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Are These Boots Made for Walking? A Guide to Backpacking Footwear

May 30, 2018

Backpacking hacks for shoes and footwear

Ask anyone who has racked up some miles hiking or backpacking, and they'll tell you that footwear is one of the most important pieces of equipment. Nothing spoils a trip like getting a bunch of callouses or blisters halfway through your hike, and one of the most common reasons for ending a trip early or altogether is a foot-related injury. There are a lot of factors that play into choosing the right shoes or boots like sizing, support, durability, and water-resistance. ExperienceGear deliberately doesn't rent our boots because there are so many variables that go into selecting the appropriate pair, but this article provides some guidance for choosing your style and brand.

Staying Dry

John Lennon once said, "the sole purpose of mankind is to kindle the warmth of one's feet among the dampness of mere being."  Well, maybe we made that up, but in any case you want to do whatever you can to keep your feet dry to avoid some serious discomfort down the trail. Not only do your feet sweat about a half pint every day, but some of the most beautiful destinations tend to have rivers and streams that are just waiting to meander their way into your shoes. 

One of the best ways to prevent against this is by choosing the right socks. Always use wool hiking socks when possible (we love Smartwool and Darntuff), as they're much better than cotton at wicking away moisture from your feet. Also, as silly as it sounds, sometimes waterproof boots actually make the problem worse, since they're usually worse at properly ventilating your feet. The same material that's keeping water from getting inside your boot is also usually preventing sweat from evaporating off your feet.

Sizing

Sizing is potentially the most important factor and easily the most common mistake people make when choosing their hiking footwear. If you wear a size 10, shouldn't you simply buy a size 10 hiking boot? Nope. Backpacking usually requires that you go at least a half size up from your normal shoe size, and we typically go a full size higher. Why? Well not only do your feet tend to swell more than normal from the added weight of your pack and distance being travelled, but you also will (or should) be wearing heavier socks than normal (picture heavy grandpa socks). Also, if you're doing a lot of elevation changes, your feet typically shift into the front of your shoes or boots more than normal, and a little extra space allows for your feet to shift and swell with less abrasion against the interior. Go at least a half size larger for your next hiking footwear and your feet will thank you later.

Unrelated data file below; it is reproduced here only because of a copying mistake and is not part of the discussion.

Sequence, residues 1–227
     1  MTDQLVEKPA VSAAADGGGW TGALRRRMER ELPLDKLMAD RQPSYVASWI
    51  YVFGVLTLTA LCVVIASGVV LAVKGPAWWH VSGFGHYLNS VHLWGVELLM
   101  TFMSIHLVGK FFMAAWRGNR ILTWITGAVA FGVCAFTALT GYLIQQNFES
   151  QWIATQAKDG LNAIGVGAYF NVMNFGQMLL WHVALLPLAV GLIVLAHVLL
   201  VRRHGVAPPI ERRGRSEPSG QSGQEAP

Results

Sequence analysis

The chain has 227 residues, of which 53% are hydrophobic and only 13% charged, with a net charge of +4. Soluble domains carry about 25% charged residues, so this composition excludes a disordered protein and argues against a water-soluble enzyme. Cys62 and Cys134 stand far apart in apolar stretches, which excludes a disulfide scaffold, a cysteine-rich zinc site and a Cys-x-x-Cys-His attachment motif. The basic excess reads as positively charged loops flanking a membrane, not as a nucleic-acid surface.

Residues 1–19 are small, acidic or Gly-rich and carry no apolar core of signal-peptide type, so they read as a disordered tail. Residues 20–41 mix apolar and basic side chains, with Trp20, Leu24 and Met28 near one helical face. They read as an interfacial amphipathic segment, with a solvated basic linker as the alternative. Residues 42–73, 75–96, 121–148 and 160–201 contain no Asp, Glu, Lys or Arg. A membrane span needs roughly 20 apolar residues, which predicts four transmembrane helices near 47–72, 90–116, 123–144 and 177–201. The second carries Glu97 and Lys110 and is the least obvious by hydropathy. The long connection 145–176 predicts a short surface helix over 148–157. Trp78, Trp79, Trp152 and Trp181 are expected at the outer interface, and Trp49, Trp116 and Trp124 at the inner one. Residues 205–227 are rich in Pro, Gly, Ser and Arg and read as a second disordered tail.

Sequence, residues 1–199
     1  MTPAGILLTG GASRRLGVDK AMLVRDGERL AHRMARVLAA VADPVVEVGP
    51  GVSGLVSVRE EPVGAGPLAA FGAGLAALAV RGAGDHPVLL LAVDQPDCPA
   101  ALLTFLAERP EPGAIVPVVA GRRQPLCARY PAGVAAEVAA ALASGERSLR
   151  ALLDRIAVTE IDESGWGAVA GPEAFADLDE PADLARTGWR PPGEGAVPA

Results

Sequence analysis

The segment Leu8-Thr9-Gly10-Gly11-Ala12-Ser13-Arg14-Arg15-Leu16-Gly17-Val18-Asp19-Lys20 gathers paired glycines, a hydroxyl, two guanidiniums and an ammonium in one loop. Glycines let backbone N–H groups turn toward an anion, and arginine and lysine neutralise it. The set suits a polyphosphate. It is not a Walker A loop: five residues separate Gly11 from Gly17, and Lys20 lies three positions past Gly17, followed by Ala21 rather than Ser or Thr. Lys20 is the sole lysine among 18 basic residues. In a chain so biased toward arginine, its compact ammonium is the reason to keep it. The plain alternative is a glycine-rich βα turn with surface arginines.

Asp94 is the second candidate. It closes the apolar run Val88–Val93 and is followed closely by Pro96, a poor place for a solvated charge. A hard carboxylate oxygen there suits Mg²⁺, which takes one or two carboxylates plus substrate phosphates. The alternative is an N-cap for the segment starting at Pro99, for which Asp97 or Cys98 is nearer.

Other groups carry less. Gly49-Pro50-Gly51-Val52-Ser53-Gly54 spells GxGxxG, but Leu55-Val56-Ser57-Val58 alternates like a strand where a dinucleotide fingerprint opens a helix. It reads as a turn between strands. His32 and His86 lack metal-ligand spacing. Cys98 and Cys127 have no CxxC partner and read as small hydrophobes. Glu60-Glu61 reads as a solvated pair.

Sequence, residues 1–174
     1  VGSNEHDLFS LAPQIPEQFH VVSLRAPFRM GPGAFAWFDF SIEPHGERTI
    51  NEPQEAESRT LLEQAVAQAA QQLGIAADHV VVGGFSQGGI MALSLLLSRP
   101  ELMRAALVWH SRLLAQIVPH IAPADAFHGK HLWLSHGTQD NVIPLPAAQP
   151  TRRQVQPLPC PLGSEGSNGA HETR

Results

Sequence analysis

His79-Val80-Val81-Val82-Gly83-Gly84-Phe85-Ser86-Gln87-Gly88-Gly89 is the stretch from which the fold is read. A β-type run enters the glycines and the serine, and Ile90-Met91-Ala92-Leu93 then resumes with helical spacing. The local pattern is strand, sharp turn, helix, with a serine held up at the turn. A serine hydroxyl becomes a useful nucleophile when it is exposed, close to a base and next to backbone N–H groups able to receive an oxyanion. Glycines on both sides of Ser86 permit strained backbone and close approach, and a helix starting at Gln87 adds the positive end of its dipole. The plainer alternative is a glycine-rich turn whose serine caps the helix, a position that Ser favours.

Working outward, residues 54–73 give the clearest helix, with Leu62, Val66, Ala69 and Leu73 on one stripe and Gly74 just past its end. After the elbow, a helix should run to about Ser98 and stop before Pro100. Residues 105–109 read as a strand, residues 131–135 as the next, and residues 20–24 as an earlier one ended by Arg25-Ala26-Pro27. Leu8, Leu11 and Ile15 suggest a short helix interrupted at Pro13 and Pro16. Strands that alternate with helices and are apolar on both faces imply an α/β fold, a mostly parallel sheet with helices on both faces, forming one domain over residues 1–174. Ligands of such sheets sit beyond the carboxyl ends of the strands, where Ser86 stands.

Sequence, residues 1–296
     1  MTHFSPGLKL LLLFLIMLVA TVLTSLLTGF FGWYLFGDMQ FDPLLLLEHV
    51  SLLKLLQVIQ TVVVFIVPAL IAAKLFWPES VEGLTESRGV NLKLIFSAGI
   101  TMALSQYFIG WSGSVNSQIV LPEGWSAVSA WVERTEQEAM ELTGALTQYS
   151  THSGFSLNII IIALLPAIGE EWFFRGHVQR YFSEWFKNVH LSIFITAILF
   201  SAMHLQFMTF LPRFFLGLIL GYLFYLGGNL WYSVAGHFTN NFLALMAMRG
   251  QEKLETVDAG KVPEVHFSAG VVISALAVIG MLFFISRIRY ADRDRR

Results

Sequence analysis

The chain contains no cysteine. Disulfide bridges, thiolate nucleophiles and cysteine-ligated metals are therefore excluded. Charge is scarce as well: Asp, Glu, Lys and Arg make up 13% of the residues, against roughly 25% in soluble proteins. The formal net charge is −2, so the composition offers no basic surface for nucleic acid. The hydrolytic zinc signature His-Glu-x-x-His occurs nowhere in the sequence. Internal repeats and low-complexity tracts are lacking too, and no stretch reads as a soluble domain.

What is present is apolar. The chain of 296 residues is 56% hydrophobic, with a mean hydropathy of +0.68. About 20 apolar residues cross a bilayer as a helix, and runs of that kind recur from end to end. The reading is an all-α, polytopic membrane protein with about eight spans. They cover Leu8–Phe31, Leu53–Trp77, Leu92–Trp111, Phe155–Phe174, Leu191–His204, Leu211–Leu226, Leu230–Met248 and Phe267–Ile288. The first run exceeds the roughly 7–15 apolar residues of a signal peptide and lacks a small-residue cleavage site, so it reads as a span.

Trail Runners vs. Boots

This is a common point of contention. On the one hand, boots tend to provide more support, durability, and protection than trail runners. On the other hand, trail runners are often much lighter and nimble, and the old saying is that one pound on your feet is the equivalent of 5 pounds on your back (we checked the evidence, and it appears credible). We personally like to split the difference by opting for a lighter boot like the Salomon Quest 4D, but the decision rests largely on the support your feet need and how many miles you plan on hiking. Insoles also offer a great additional layer of support, but they may also impact sizing. One thing is for sure- try not to wear sneakers, work boots, or other substitutes if possible. Trail Runners and Hiking Boots will make your trip a lot more fun and allow you to focus on your journey and not your limitations. 

 Other Tips

  • New boots or trail-runners? Make sure to break them in before your first trip to reduce the possibility of blistering.

  • Whether we're going for 2 days of 2 weeks, we like to bring 3 pairs of socks- 1 for wearing on the trail, 1 for sleeping, and 1 as backup for your active pair.

  • Bring flip flops or extra (lightweight) shoe-wear! This allows you to let your boots dry after you make camp, and you can putz around camp a little bit lighter. We love good old Crocs.

  • Bring moleskin and other blister treatment! This is probably the most commonly used part of a hiker's first aid kit (and a hot commodity when you're away from civilization), so always pack extra.

  • Cut your nails before your trip. Long nails can be a real bummer when you're on your feet all day, and don't be that guy trying to cut your nails with a knife at the campfire.






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